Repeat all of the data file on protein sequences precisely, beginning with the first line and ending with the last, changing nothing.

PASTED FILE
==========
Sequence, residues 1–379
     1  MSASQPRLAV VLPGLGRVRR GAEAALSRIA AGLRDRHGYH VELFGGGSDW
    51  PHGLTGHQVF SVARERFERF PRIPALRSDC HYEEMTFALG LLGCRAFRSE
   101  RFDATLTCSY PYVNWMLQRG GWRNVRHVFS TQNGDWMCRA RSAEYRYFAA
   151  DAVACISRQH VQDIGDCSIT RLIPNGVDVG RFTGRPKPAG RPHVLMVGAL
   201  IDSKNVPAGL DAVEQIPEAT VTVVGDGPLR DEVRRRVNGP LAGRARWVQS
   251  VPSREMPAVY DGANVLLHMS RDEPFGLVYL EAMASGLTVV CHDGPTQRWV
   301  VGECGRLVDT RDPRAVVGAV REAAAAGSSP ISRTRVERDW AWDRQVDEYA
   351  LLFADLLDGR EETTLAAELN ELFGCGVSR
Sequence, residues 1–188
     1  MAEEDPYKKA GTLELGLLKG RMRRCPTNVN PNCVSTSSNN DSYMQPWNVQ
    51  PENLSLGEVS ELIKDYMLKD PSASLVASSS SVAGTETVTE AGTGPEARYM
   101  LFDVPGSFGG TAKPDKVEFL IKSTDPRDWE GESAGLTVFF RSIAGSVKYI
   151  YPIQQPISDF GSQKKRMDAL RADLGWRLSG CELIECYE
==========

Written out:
Sequence, residues 1–379
     1  MSASQPRLAV VLPGLGRVRR GAEAALSRIA AGLRDRHGYH VELFGGGSDW
    51  PHGLTGHQVF SVARERFERF PRIPALRSDC HYEEMTFALG LLGCRAFRSE
   101  RFDATLTCSY PYVNWMLQRG GWRNVRHVFS TQNGDWMCRA RSAEYRYFAA
   151  DAVACISRQH VQDIGDCSIT RLIPNGVDVG RFTGRPKPAG RPHVLMVGAL
   201  IDSKNVPAGL DAVEQIPEAT VTVVGDGPLR DEVRRRVNGP LAGRARWVQS
   251  VPSREMPAVY DGANVLLHMS RDEPFGLVYL EAMASGLTVV CHDGPTQRWV
   301  VGECGRLVDT RDPRAVVGAV REAAAAGSSP ISRTRVERDW AWDRQVDEYA
   351  LLFADLLDGR EETTLAAELN ELFGCGVSR
Sequence, residues 1–188
     1  MAEEDPYKKA GTLELGLLKG RMRRCPTNVN PNCVSTSSNN DSYMQPWNVQ
    51  PENLSLGEVS ELIKDYMLKD PSASLVASSS SVAGTETVTE AGTGPEARYM
   101  LFDVPGSFGG TAKPDKVEFL IKSTDPRDWE GESAGLTVFF RSIAGSVKYI
   151  YPIQQPISDF GSQKKRMDAL RADLGWRLSG CELIECYE